In 2014, pregnant women and mothers, who had lost hope of ever delivering in a hospital under the care of qualified health care workers got their reprieve when the county government funded the construction of maternity unit at Derkale Dispensary.
Save the Children has supported the facility by training TBAs and converting them into community health volunteers and birth companions, capacity-building the health care workers, infrastructure improvement and provision of Mama Kit (a complimentary package containing essential products for the baby, meant to motivate more women to deliver in hospital).
But even with a fully equipped health facility, the headache for Derkale women was far from over, thanks to Langtangi River. But not anymore. Last year, Kenya Rural Roads Authority (KERRA), a government agency, heard the cries of Derkale mothers and built a footbridge for them. They named it “The Bridge of Hope” and true to this name, Mr Yusuf says, it has restored the hope of mothers delivering under the care of qualified health care workers. According to him, the facility is delivering an average of 30 mothers every month from Derkale and the neighbouring villages.
“We have changed the story of Derkale from zero health facility deliveries in 2018 to zero home deliveries by 2020,” says Mr Yusuf.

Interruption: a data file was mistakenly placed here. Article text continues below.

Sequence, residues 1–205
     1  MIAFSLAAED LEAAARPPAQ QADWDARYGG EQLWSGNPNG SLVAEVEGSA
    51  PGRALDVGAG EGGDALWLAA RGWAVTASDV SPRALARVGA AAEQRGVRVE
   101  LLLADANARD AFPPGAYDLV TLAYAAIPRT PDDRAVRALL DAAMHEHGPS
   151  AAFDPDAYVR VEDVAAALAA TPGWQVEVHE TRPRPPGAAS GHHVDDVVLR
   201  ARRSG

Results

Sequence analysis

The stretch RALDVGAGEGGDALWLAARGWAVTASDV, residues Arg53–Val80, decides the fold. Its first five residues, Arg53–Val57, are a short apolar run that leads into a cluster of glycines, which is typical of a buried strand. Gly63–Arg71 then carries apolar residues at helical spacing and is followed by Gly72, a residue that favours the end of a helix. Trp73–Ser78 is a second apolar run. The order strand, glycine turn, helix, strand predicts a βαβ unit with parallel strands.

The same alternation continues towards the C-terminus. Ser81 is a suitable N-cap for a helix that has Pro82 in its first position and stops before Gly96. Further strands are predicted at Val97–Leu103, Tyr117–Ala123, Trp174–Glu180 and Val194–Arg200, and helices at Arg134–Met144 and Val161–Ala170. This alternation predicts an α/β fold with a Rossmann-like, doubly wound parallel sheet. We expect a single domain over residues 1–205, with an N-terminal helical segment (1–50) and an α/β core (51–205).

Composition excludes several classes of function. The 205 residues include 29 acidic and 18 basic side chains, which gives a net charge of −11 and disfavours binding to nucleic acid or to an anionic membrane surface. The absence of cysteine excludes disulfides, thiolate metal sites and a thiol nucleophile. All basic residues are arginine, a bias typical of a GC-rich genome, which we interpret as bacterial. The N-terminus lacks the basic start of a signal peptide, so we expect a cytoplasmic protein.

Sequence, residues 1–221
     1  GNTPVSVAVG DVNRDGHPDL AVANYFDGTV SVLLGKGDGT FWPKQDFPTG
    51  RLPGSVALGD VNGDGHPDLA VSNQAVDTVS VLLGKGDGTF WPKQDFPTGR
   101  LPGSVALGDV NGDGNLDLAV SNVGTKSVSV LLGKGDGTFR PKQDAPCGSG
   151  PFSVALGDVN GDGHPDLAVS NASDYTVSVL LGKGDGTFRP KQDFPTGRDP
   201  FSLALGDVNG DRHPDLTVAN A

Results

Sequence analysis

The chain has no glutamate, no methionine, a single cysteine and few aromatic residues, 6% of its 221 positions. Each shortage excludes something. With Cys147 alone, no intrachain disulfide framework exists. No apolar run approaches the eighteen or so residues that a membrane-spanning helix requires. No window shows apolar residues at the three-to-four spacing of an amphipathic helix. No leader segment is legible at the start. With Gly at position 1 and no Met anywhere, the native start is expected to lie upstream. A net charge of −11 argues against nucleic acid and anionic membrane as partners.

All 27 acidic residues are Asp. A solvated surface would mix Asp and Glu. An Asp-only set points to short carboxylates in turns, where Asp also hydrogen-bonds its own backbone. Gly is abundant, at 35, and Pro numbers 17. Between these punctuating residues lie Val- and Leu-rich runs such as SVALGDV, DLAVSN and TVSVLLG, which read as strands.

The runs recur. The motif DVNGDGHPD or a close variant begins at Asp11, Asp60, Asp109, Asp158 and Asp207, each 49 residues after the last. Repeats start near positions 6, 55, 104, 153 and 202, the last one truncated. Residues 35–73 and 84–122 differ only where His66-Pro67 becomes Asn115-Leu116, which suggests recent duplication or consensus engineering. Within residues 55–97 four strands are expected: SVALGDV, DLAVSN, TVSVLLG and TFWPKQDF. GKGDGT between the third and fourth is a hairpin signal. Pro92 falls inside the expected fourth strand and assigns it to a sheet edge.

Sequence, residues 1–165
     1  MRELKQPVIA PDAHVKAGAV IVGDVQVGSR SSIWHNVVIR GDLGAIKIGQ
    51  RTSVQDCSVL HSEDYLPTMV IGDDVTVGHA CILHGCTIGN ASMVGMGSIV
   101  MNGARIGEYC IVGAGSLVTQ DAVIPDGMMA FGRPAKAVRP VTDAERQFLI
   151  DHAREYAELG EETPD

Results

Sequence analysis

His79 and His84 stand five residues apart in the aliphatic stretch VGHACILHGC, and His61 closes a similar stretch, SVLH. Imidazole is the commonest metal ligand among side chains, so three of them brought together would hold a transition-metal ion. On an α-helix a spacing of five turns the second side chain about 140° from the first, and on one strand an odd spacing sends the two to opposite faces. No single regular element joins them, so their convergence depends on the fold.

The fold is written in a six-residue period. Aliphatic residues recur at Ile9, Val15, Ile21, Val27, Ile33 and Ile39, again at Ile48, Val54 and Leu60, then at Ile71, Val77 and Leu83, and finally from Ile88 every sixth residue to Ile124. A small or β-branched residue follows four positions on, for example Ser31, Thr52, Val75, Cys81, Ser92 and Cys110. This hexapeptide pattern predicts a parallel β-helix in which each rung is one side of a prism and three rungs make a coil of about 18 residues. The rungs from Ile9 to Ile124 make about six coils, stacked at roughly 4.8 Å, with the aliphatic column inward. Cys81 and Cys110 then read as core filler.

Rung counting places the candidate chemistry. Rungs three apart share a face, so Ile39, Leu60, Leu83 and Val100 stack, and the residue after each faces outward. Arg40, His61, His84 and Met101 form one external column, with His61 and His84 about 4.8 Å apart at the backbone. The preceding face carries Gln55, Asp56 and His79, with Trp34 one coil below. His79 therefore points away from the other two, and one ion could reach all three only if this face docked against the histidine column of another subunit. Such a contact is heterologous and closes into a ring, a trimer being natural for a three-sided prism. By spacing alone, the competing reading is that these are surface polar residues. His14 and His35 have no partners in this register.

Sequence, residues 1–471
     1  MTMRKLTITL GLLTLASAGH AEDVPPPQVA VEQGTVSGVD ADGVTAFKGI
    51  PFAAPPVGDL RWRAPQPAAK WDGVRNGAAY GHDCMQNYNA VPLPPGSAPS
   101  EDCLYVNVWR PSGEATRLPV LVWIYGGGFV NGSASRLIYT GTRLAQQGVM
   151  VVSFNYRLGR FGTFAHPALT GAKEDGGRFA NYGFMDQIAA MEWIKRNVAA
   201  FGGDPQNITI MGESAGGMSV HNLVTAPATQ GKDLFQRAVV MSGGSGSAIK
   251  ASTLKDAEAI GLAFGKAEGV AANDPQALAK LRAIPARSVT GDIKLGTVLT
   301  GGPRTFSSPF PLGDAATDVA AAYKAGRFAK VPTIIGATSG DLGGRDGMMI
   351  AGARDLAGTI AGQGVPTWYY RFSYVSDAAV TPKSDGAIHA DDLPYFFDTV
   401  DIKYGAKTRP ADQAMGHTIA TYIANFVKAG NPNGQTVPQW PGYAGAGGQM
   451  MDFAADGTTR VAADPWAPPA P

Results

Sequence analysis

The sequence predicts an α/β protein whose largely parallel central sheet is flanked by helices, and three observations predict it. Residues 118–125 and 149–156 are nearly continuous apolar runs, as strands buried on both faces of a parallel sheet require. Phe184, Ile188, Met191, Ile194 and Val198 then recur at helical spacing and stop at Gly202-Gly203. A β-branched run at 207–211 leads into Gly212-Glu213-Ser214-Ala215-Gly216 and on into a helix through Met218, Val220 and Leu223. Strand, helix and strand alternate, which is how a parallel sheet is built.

Indeed, the awe-inspiring story of Derkale and “The Bridge of Hope” is a clear illustration of just how access to health care can at times be hampered by external factors that have nothing to do with the facility itself.
For Mr Yusuf, the footbridge was the missing link that had made Derkale Dispensary look like an isolated health outpost.
The Kenya Population Situation Analysis report observes that 15 out of 47 counties including Wajir, Mandera, and Garissa account for 98.7% of all the total maternal deaths in the country. Mandera is also among the least developed counties with the average distance to health facilities ranging between 25 and 50 kilometers. System level barriers also play a part in the low uptake of services with large distances to health facilities across harsh geographical terrain, high turnover of staff due to insecurity and difficult working conditions, weak referral systems, stock outs of essential commodities and supplies such as lab reagents and weak supervision systems especially of remote facilities. Further to this, 60-70% of the population in these counties is estimated to be nomadic or semi-nomadic. Representing some of the most marginalized and disadvantaged populations, nomadic and semi-nomadic populations have the least access to health services and are disproportionately vulnerable to diseases due to the mobile existence and the associated high cost of improving access to services. These populations are notably missing in government policies and strategy documents that drive resource allocations in health.